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Roughly half of U.S. households use natural gas for space and water heating, according to the U.S. Energy Information Administration. As you review your utility bill, you may wonder what amount others pay and if you’re paying too much.
Here’s how much the average gas bill costs and what you can do to lower yours.
How much is the average gas bill?
The average annual residential gas bill was $670 in 2020, according to the most recent data from the American Gas Association. That’s about $56 per month.
Some people pay natural gas and electricity charges together on a single energy bill. If you pay a combined total, look at the cost breakdown to find out how much you’re spending on gas.
Why is my gas bill so high?
Your bill may seem expensive, regardless of whether it’s higher or lower than average. That’s because the price you pay for natural gas depends on where you live and how much you use.
People all over the country use gas to heat their homes and water, cook, and dry clothes. But gas costs more in certain areas (or at certain times during the year) due to factors like higher taxes, infrastructure costs, supply and demand. For example, Hawaii doesn’t produce natural gas or have any reserves, contributing to a limited supply and high rates. You can view the average monthly price of residential gas per state on the Energy Information Administration website.
If your bill is more expensive than normal, it could be due to inflation or seasonal changes. Consumers typically use more gas during winter, especially in colder climates. Your bill may also be high because your home is large and takes a greater amount of gas to heat, or because it uses energy inefficiently.
How can I lower my gas bill?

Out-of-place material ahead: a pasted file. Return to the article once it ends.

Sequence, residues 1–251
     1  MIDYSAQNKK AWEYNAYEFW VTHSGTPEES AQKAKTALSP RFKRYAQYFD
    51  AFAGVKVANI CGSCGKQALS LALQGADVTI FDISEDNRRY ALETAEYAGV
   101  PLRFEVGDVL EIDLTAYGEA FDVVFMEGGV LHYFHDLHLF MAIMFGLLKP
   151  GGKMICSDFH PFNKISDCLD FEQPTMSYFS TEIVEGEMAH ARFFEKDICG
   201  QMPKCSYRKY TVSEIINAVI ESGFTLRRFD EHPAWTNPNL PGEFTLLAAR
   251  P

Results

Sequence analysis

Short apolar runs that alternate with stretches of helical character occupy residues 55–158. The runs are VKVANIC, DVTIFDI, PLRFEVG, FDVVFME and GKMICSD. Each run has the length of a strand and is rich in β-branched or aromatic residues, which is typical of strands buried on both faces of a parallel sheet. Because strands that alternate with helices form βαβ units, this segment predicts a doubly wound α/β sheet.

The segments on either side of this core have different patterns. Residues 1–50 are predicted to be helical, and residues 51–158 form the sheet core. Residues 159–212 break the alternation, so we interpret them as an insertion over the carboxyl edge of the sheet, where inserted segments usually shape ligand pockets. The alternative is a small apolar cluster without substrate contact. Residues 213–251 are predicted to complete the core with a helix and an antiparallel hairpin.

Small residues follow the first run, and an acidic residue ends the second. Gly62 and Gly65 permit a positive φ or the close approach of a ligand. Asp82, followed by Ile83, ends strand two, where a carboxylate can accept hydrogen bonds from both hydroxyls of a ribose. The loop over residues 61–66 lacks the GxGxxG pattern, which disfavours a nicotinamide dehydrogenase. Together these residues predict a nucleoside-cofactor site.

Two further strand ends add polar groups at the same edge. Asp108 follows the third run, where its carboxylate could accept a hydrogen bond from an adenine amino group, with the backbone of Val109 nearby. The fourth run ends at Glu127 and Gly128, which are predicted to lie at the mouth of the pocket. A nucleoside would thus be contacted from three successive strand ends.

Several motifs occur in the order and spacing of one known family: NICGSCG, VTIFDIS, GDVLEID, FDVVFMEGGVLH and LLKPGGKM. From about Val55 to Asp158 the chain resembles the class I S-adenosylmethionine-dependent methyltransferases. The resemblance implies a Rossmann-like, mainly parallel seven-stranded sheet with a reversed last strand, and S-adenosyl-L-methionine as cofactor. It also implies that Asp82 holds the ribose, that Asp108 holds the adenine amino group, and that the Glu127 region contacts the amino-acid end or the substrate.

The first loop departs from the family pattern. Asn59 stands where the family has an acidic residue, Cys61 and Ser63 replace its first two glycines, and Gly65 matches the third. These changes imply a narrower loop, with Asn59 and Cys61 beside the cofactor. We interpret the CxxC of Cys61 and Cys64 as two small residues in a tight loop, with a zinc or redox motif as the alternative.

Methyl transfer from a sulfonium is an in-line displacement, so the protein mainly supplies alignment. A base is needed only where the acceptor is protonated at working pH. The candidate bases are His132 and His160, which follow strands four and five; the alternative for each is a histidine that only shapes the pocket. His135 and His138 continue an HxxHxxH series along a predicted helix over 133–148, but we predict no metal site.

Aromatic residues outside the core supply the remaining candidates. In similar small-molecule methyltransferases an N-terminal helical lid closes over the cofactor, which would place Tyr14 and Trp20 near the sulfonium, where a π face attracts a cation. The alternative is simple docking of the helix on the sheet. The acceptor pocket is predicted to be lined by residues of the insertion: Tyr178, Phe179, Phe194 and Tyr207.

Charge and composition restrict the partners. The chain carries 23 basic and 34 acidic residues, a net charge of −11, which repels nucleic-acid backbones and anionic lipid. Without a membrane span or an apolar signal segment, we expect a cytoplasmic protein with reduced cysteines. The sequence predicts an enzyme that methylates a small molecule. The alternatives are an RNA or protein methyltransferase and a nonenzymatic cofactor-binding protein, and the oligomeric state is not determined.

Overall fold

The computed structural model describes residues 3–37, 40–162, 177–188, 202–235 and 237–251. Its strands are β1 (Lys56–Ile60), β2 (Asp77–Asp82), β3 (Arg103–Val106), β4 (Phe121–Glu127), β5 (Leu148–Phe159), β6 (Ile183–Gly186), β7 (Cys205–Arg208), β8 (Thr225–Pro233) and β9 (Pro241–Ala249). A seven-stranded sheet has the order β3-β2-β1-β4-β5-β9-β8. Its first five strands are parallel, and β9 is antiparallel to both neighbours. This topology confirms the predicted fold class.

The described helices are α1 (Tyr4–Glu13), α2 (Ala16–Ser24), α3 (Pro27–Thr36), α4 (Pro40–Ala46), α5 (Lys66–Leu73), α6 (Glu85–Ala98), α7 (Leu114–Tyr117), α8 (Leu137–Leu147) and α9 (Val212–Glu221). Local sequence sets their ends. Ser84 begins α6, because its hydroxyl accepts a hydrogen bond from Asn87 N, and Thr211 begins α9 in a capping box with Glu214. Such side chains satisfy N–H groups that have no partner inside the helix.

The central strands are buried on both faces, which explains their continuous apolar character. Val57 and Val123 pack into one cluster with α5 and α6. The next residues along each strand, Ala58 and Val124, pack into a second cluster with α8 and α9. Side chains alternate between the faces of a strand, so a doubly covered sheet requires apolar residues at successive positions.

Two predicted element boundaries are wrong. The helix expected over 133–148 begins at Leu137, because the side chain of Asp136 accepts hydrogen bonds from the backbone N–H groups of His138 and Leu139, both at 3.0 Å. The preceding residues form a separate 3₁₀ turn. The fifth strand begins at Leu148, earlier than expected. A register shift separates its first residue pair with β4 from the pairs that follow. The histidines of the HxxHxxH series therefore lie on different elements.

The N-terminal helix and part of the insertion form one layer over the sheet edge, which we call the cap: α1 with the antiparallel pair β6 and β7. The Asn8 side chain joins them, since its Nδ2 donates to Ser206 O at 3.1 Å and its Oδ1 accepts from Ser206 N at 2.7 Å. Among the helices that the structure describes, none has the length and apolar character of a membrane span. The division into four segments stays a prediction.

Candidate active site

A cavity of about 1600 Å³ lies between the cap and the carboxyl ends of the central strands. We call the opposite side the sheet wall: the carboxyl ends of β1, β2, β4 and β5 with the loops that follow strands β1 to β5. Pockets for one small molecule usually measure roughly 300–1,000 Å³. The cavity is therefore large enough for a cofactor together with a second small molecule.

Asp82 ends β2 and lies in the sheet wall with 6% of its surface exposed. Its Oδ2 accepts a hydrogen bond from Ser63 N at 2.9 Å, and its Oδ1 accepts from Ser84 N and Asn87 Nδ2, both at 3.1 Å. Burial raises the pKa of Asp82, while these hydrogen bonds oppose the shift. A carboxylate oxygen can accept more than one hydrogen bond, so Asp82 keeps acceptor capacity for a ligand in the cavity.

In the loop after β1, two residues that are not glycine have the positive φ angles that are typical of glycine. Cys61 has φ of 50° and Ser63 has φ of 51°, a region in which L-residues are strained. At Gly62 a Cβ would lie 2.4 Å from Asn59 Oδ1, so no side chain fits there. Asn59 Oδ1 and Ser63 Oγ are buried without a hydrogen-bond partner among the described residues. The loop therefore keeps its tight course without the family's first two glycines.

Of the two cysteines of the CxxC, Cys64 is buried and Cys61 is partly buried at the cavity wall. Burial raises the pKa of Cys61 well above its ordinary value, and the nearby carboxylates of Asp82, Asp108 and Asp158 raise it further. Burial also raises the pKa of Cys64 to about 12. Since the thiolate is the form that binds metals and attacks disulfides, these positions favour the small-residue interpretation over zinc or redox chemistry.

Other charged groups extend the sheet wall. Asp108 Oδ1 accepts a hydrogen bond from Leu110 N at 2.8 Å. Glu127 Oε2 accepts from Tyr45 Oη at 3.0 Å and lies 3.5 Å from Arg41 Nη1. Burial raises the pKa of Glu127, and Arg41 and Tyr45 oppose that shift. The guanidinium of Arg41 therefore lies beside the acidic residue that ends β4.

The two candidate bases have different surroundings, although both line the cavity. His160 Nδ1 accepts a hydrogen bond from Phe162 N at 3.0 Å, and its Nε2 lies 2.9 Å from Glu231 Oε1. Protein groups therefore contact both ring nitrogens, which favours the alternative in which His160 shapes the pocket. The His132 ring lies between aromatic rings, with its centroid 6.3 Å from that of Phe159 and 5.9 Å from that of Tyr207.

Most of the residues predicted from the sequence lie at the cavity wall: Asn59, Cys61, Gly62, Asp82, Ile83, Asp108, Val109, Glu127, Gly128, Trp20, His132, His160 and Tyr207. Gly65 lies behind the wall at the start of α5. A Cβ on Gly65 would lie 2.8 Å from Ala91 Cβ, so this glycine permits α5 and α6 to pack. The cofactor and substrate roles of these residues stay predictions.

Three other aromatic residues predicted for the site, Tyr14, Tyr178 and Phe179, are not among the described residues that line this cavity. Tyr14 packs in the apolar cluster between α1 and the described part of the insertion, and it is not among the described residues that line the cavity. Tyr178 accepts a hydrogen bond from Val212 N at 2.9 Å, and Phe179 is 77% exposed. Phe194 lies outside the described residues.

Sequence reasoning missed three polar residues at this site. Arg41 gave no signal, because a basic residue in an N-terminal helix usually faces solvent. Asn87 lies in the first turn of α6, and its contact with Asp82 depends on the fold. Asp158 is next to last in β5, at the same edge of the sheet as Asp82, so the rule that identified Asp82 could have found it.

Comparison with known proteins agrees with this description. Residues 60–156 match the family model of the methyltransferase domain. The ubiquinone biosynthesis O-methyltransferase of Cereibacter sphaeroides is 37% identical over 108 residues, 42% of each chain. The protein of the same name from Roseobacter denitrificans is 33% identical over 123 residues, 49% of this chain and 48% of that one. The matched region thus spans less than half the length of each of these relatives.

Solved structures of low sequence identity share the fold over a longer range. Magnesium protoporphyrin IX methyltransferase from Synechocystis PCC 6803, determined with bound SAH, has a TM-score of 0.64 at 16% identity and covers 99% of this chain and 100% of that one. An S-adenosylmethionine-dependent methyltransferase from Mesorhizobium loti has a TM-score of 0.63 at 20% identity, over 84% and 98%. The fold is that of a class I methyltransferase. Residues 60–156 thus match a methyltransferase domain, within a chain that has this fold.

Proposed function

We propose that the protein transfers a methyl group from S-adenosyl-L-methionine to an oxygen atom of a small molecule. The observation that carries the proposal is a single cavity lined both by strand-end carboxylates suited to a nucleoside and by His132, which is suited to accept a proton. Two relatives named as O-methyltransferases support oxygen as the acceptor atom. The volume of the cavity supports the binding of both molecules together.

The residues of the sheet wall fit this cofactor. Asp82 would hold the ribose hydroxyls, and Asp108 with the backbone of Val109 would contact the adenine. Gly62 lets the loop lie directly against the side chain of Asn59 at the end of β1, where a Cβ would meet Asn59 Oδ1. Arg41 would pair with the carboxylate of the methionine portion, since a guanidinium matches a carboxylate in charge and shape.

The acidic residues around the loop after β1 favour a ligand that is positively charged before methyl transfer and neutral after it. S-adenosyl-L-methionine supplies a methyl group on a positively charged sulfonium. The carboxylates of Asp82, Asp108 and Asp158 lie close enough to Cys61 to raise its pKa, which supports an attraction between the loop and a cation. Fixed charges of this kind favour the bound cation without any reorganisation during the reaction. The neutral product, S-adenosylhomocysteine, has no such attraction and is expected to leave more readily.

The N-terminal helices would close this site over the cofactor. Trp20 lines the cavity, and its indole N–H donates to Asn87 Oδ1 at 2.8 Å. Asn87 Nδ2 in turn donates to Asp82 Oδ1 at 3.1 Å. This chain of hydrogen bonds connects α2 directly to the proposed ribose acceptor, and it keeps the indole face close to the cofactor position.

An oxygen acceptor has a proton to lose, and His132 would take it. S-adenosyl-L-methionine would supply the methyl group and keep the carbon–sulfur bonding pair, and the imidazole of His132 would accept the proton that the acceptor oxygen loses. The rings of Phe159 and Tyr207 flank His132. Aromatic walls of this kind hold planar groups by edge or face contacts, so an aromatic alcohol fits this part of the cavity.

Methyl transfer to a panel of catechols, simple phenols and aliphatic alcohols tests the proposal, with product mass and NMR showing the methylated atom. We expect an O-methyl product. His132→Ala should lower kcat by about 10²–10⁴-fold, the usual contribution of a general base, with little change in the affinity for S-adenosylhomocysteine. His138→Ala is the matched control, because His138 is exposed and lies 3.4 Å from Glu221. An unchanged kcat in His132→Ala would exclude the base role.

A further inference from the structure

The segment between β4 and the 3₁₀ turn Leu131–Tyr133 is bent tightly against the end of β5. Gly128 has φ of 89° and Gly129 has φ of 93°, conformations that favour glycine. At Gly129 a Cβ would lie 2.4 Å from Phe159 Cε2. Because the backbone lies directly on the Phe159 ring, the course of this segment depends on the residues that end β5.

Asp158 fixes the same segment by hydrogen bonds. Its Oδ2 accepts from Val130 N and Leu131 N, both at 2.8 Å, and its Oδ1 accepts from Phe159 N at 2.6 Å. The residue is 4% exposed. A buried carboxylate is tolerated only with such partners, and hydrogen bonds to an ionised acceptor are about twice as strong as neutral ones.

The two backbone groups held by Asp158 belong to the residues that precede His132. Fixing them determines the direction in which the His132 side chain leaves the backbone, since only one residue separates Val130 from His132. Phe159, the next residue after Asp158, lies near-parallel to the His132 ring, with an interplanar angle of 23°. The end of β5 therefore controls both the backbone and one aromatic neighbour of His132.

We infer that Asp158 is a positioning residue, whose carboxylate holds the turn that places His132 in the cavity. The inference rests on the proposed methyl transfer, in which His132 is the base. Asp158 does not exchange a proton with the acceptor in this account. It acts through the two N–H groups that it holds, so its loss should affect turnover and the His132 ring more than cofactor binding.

Some charges on your bill, such as local taxes, are beyond your control. However, you can save money by watching your gas usage or seeking help with payments. Here are a few ways to reduce your bill:
Replace or repair old or worn-out appliances
Regularly inspect appliances such as water heaters, furnaces, stoves and clothes dryers. If they’re outdated or not functioning properly, they can use more gas and cost you more money. Plus, your utility provider may offer a rebate when you purchase new energy-efficient equipment.
Reduce your consumption
Find ways to cut back. For example, for every degree you lower the thermostat you can save about 2% on your energy bill, according to the Pacific Gas and Electric Co. You can also take shorter showers, avoid over or underloading your dryer to reduce drying time, or air dry clothes.
Do an energy audit
Make sure windows, doors, attics and other areas in the home are properly sealed and insulated to prevent warm air from escaping.
Get help paying your gas bill
You may qualify for a government program that will help you pay less out of pocket. If you’re in need of financial assistance, explore these options:
The Low Income Home Energy Assistance Program aids low-income households with paying heating bills. Eligibility varies by state, so contact your local office for information.
The U.S. Department of Energy’s Weatherization Assistance Program offers grants to improve energy efficiency in low-income households. Improvements include things like installing programmable thermostats or insulating water heating pipes. Check your state’s requirements before applying.
Other state programs may also provide support during hardships or emergencies. Reach out to your state public utility or service commission or your utility provider to inquire.
Remember, your gas and electricity charges may appear on the same bill. If that’s the case, your electricity consumption could be driving up the price. Read your statements closely to better understand your usage and check out more tips for lowering your energy bill.